I am thrilled that later today, Martha Roberts’ post on her own experience taking medication for mental illness, will run here. I first came across her post through a tweet from Ben Goldacre, author of Bad Pharma. It’s nice to know that he has not oversimplified the “bad pharma” argument into this meme: all drugs are inevitably bad for mental illness, overused, and inappropriate. Yes, there are huge problems with selective publishing of clinical trials data, withholding negative drug trials, and more. But mental health and mental illness are a lot more nuanced than a simple meme.

A lot more ink needs to be written about mental illnesses from the patient point of view, that show the real-life hurdles of people unfairly stigmatized, unemployed, or under-employed. I hope that this upcoming post (I’ll link to it here) is the first of many more.

If you have something to say about this, use the comments, or if you have a longer contribution, email me at patientpov “at” gmail dot com.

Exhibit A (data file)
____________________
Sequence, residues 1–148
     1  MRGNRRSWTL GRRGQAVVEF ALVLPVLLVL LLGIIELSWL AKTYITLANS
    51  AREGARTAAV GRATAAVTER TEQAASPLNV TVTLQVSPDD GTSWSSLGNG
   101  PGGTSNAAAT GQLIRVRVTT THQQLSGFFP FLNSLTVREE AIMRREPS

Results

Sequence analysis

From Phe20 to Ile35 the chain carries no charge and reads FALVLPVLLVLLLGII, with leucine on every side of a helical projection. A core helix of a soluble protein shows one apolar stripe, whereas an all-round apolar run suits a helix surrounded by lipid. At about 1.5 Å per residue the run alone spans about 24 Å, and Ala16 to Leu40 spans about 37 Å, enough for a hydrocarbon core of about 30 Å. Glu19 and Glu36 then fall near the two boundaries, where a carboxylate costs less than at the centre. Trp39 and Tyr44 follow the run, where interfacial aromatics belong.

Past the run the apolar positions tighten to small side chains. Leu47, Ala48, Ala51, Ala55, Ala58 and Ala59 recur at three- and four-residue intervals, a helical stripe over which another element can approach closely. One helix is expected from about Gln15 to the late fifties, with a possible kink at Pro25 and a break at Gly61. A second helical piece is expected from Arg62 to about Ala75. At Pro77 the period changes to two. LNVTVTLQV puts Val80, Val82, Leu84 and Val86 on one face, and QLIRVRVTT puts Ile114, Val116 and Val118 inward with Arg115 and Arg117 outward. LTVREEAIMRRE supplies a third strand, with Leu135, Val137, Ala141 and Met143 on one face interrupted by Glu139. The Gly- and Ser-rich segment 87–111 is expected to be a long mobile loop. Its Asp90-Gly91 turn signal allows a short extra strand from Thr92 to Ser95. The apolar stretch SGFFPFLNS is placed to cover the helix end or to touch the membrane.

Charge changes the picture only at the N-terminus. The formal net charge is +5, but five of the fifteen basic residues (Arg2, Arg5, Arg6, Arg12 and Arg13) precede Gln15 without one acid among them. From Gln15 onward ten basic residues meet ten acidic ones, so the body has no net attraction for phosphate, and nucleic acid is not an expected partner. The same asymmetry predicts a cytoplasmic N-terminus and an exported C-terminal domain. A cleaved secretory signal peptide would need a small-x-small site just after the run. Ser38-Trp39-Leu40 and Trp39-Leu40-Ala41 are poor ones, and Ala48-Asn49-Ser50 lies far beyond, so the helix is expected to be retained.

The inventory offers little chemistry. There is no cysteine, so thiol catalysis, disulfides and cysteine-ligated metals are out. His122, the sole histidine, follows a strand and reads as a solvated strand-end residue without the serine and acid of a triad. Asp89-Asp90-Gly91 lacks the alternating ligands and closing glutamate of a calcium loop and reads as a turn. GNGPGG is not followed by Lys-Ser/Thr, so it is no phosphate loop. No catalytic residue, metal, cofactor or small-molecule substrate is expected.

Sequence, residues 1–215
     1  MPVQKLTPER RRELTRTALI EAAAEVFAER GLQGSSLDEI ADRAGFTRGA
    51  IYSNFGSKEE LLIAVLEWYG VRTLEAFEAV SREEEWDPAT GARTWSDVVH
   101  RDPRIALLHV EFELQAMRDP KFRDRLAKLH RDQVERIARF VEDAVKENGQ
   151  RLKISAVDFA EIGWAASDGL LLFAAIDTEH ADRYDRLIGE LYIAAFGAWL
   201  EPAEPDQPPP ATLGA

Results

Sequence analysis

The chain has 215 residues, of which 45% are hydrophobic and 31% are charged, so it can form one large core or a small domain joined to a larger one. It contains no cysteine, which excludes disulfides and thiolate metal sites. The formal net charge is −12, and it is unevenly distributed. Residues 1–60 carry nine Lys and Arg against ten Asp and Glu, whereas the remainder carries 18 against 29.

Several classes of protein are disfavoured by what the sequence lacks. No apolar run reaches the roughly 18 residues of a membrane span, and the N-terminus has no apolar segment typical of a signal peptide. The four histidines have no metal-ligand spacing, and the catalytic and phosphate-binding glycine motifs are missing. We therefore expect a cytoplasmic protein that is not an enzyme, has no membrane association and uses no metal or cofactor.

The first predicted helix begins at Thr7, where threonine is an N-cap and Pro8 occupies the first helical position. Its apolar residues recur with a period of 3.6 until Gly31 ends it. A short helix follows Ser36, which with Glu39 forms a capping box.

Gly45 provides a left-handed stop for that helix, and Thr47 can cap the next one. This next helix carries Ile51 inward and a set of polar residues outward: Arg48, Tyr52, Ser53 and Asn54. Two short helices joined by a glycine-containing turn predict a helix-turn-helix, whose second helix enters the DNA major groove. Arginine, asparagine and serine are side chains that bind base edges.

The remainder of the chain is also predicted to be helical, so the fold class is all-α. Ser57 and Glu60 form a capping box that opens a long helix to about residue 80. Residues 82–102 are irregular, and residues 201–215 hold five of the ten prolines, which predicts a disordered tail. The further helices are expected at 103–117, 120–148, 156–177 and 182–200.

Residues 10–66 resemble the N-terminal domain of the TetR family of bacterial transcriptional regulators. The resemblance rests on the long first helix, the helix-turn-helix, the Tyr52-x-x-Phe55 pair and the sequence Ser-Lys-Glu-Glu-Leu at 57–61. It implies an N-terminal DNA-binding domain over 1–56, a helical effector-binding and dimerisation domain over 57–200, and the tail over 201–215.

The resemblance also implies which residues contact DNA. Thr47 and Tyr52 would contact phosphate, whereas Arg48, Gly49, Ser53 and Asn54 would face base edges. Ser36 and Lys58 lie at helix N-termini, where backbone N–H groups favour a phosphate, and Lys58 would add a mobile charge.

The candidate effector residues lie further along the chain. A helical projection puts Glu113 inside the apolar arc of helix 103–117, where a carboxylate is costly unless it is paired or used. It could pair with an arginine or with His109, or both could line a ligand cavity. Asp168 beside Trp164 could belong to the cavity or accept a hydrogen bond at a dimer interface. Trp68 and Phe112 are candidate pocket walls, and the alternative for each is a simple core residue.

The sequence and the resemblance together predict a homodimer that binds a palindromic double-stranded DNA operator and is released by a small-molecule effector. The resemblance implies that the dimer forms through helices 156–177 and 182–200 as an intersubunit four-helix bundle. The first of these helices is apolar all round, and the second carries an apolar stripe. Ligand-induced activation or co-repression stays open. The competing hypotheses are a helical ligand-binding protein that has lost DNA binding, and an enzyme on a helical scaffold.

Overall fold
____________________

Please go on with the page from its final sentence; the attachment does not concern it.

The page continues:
What’s Next for Prostate Cancer Screening and Treatment?

Complex medical stories require time and energy to tell, talk about, and think about. When stories involve yanking a test or practice that is widely used, all hell breaks lose. That’s why I am grateful to appear today on Alaska Public Radio Station KSKA, Anchorage, Alaska, on an hourlong Line One program on Prostate Cancer Screening and Treatment today. Thank you, Dr. Thad Woodard, the Line One host.

At issue, the latest US Preventive Services Task Force conclusion on the benefits and harms of prostate cancer screening:

“Prostate-specific-antigen-based screening results in small or no reduction in prostate-cancer-specific mortality and is associated with harms related to subsequent evaluation and treatments, some of which may be unnecessary.”.

What sounds like a seachange in practice merits some further analysis:

Did you know that PSA screening, defined as testing asymptomatic men with a PSA test, was adopted in the United States widely, and before it was tested in clinical trials? Screening recommendations for and against prostate cancer screening vary widely around the world.

From the late 1980s, PSA testing emerged and was presented as a wonderful new biomarker that could save men from dying of prostate cancer.